Obviously, the stories are fiction. They aren’t about one administration/party or another, but rather the latent weaknesses in our laws and processes, and the theme is (certainly, it should be) worrying to liberals and conservatives alike.

 

James McCrone is the author of the Imogen Trager political suspense-thriller series Faithless Elector and Dark Network.  The third and final book in the series, working title Who Governs, is coming soon.

JMc-author2.2017

Find them through Indybound.org.  They are also available at Amazon, Barnes & Noble, and Powell’s Books.

Link to REVIEWS

If you live in Philadelphia, pick up a copy at Head House Books -or- Penn Book Center or in Princeton at Cloak & Dagger Books.
For a full list of appearances and links to reviews, check out:

JamesMcCrone.com

 

Parties and the Presidency

The convictions and confessions of an ever-shrinking circle of advisors and fixers around Donald Trump has led many people to look at the legitimacy of this presidency again, with some holding out dismal hope for a do-over or to remove him from office.

cohen-nyt

Att’y Michael Cohen (NYTimes)

The Constitution provides for some guidelines, but once the Electoral College has had its say, the matter is largely over. It has always been the case that the president is cloaked in power and immunity, his only check being a watchful, attentive Congress.  If they choose to be neither there is a little that can be done.

It’s no exaggeration to say the Framers didn’t contemplate party loyalty and partisanship as obstacles to good governance. Indeed, it took only one contested election (1800) to force the 12th Amendment in response to changing conditions and to clean up the errors. It is the only such amendment to address the presidency directly.  In a non-partisan, non-party dominated milieu it made sense (as it 12thAmendwas originally construed in the Constitution) that the candidate with the majority of Electoral College votes should be president and the candidate with the second best showing be vice-president. But, as the nation realized in the 1800 election, that meant that president and vice-president were from different parties.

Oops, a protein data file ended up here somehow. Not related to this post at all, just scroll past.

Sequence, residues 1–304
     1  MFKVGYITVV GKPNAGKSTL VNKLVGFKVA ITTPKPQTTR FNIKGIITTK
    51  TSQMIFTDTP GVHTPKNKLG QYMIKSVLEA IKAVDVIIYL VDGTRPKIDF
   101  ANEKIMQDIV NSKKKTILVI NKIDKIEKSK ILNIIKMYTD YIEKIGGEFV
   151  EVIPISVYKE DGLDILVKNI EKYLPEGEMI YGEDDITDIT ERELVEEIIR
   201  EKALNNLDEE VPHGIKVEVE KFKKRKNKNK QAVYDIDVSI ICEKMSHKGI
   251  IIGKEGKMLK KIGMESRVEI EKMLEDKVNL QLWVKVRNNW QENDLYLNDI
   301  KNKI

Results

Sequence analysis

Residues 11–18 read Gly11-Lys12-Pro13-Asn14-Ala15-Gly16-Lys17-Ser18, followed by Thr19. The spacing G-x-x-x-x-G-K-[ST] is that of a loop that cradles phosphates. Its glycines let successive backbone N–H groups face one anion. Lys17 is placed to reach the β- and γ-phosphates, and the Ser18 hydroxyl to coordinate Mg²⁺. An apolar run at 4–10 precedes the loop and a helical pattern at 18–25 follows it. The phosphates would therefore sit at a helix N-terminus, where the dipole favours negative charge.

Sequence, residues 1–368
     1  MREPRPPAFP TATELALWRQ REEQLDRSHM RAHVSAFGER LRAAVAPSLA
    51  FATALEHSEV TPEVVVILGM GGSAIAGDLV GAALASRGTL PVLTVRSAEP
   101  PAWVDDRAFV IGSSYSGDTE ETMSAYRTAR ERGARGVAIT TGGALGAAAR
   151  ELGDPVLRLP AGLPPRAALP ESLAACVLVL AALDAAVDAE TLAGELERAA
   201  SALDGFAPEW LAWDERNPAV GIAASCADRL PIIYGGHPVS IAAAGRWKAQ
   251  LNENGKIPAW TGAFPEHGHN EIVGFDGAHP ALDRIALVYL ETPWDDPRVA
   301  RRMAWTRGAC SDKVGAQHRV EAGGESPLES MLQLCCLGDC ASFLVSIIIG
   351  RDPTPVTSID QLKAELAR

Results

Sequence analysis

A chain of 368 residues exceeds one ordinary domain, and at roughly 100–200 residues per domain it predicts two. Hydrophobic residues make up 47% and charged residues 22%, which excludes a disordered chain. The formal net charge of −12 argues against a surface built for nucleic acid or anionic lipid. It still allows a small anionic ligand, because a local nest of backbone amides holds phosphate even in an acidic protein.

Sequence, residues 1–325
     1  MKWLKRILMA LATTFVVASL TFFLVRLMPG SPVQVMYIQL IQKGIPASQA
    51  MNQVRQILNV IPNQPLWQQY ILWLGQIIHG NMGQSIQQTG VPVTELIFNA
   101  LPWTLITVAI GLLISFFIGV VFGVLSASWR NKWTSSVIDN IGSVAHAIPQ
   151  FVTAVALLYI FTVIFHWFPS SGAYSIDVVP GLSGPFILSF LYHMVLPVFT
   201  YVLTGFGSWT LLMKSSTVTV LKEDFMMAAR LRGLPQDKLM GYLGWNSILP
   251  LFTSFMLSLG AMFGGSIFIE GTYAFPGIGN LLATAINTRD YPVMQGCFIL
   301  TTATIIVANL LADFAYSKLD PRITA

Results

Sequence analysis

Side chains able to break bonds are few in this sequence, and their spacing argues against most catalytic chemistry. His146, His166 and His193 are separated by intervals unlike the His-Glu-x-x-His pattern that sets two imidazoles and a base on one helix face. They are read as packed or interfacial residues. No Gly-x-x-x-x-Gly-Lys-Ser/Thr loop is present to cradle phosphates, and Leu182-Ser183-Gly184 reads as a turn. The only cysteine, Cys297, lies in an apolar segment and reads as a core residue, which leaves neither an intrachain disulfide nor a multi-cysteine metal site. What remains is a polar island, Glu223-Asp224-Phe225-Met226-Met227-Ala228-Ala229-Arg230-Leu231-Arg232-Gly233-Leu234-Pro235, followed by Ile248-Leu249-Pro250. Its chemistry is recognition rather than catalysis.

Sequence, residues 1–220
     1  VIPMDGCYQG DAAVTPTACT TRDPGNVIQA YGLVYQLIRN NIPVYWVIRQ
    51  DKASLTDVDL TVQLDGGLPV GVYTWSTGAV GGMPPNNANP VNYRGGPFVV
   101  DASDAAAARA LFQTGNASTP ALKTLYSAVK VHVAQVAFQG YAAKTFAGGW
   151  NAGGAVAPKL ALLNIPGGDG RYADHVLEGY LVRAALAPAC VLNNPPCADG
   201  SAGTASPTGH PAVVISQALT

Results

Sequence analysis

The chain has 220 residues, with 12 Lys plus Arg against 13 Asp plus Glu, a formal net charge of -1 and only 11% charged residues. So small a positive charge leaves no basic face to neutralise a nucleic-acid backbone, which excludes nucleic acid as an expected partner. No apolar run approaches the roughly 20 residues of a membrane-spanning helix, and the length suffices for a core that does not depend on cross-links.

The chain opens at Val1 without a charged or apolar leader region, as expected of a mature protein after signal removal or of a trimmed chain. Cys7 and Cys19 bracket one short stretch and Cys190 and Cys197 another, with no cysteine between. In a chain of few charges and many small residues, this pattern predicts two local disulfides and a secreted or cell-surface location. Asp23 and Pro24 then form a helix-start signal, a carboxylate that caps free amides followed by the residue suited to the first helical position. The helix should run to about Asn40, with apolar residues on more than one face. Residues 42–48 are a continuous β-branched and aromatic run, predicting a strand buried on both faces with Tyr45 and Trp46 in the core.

We find ourselves now in a situation that Five Thirty-Eight describes as radically different from that which the Framers knew:

“The structures established by the Constitution assumed a world in which the presidency and the Electoral College were not fully absorbed into a contentious national party system. That vision has long since been replaced by one in which presidential elections are national contests over policy agendas and ideas.”

And a president with a majority in both houses might be altogether immune from scrutiny or constraint.

The first Imogen Trager novel, Faithless Elector was published in the Spring of 2016, before Donald Trump was even his party’s nominee. The story was conceived after the debacle of the 2000 Bush-Gore election, but it imagined just this world. It’s a taut thriller about people in way over their heads trying to stop the theft of the presidency. Its setting—clear to anyone who cared to look as far back as the 2000 election—is hyper-partisanship and the weaknesses of our rules governing the highest office….weaknesses, it should be noted, that remain latent and could still be exploited…if they haven’t been already.

James McCrone is the author of the Imogen Trager political suspense-thriller series Faithless Elector and Dark Network.  The third and final book in the series, working title Who Governs, will be out next year.

JMc-author2.2017